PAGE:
the National Ambient Air Quality Standard of 140

Vehicles, thermal power

plants and large as well as small-scale industrial


units in Delhi were the major sources of these
pollutants.

emissions into the environment.

the

Ambient Air Quality Standard of 2000 g/m3 for

The

period between 1989 1996 saw a rapid

increase in pollution levels. Infact, 1996 is


considered the peak year in terms of air pollution
load. The transport, industrial and the domestic
sectors were the major contributors towards the
rising ambient air pollution levels, in addition to

the

presence

of

natural

meteorological conditions.

dust

due

to

Figure 3 indicates

the contribution from various sectors to ambient


air pollution. The contribution from the vehicular
sector increased from 23% in the year 1970/71 to
as much as 72% by the year 2001.

conditions with temperature inversions resulting

Meteorological Conditions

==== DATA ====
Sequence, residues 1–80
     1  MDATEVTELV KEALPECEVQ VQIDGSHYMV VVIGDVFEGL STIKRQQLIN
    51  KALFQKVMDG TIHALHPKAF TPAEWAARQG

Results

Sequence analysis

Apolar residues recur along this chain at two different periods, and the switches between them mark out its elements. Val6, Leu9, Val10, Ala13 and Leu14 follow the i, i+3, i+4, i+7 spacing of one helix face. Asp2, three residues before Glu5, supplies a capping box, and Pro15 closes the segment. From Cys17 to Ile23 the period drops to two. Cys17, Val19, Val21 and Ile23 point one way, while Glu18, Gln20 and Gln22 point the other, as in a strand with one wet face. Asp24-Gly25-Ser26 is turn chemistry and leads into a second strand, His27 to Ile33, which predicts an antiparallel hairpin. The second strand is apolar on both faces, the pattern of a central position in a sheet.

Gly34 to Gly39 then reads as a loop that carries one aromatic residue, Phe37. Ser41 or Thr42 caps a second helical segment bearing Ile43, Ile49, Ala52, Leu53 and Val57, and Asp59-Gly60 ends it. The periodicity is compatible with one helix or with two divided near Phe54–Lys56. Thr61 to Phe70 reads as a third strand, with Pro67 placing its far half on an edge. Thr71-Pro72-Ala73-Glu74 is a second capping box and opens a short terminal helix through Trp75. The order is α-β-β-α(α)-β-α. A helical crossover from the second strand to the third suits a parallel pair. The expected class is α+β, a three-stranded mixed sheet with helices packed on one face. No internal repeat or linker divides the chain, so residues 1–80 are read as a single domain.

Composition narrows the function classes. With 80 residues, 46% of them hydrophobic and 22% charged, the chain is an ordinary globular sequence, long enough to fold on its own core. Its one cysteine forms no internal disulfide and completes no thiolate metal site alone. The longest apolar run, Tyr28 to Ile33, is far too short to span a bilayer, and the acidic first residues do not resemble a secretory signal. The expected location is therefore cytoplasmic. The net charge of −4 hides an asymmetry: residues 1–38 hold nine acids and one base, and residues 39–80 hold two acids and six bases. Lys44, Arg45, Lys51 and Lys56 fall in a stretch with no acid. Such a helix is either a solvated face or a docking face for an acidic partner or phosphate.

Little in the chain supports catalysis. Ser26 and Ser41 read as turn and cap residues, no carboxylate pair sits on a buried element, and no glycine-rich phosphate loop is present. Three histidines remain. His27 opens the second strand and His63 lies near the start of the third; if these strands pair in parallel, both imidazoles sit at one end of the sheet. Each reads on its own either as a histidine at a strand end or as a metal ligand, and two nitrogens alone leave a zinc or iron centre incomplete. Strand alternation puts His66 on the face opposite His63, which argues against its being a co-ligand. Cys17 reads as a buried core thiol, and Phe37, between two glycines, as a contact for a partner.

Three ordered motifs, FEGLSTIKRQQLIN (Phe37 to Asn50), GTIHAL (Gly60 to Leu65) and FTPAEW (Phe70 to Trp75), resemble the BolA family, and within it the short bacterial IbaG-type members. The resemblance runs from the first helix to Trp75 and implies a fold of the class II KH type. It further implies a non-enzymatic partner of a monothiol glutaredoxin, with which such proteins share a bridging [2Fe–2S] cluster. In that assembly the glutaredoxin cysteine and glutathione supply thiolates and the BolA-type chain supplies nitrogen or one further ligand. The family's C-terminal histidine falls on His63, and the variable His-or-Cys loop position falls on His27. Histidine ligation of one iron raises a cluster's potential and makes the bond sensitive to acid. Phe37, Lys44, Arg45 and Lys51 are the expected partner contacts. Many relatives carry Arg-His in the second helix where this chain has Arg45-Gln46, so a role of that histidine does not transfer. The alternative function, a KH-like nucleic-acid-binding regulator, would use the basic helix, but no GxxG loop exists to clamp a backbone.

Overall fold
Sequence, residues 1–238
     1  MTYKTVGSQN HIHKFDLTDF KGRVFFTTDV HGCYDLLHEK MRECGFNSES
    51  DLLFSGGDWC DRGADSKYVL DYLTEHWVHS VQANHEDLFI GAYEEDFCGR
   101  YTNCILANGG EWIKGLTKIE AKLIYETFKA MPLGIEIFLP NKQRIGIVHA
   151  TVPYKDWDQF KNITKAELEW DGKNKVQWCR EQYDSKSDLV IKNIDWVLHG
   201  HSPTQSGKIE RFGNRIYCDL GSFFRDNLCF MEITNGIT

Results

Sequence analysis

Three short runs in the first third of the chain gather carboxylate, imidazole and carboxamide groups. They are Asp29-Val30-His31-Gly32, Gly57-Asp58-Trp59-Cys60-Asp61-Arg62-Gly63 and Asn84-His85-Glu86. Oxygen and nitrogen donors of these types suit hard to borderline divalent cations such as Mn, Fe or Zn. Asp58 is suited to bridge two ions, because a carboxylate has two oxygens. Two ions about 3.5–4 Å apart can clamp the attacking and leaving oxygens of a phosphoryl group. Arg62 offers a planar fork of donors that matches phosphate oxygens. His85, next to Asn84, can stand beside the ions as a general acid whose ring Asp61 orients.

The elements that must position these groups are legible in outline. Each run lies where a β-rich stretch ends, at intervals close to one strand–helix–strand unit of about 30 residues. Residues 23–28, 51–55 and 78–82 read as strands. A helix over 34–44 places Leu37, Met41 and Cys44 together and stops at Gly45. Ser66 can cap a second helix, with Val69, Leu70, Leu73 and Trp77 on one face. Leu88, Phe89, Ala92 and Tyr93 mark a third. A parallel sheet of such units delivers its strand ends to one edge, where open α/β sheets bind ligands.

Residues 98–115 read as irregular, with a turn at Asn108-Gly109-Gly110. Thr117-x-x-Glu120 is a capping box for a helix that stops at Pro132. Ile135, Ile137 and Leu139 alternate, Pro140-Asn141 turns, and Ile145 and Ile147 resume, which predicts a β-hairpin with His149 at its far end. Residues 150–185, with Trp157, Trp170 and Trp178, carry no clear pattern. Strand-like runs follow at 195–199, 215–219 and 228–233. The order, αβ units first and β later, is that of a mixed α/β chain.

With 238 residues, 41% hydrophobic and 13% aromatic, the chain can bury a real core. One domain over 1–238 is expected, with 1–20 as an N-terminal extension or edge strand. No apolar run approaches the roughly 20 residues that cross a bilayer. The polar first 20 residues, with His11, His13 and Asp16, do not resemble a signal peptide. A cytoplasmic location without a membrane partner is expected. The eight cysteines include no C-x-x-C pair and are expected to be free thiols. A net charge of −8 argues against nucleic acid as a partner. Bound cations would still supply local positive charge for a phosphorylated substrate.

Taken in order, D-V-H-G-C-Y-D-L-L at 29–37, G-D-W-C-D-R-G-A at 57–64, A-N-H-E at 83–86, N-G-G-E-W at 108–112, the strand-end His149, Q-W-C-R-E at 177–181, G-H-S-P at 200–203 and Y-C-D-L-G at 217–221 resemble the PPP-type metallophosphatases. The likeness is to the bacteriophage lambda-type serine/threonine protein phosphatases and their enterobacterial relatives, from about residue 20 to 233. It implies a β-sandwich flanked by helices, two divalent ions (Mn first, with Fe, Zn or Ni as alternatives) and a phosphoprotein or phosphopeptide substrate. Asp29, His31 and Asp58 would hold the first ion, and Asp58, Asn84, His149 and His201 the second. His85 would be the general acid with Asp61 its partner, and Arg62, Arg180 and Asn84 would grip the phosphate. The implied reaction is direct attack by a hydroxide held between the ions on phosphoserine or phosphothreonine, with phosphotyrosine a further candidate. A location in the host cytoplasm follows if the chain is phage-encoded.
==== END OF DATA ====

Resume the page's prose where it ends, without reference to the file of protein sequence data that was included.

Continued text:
in poor natural ventilation and high emission


Besides anthropogenic sources, climate and

loads due to evening traffic peaks. The situation

natural sources too play an important role in the

in Delhi during winter is therefore more critical as

build-up of pollution levels. Delhi has a semi-arid

compared to Mumbai, Chennai, and Kolkata as

climate, with an extremely hot summer, average

the effect of natural sea breeze is absent

rainfall and very cold winters. Mean monthly

resulting in virtually no dilution of pollutants.

temperatures range from 14.3 C in January


(minimum 3 C) to 34.5 C in June (maximum 47
C). The annual mean temperature is 25.3 C
(WMO 1971). Dust storms occur frequently
during summer months leading to build-up of

monsoon

season

witnesses

monsoon dust storms, when strong westerly


winds from Rajasthan desert deposit large
concentration

of

dust

particles

in

Delhi's

atmosphere.

particulate matter in the atmosphere.


The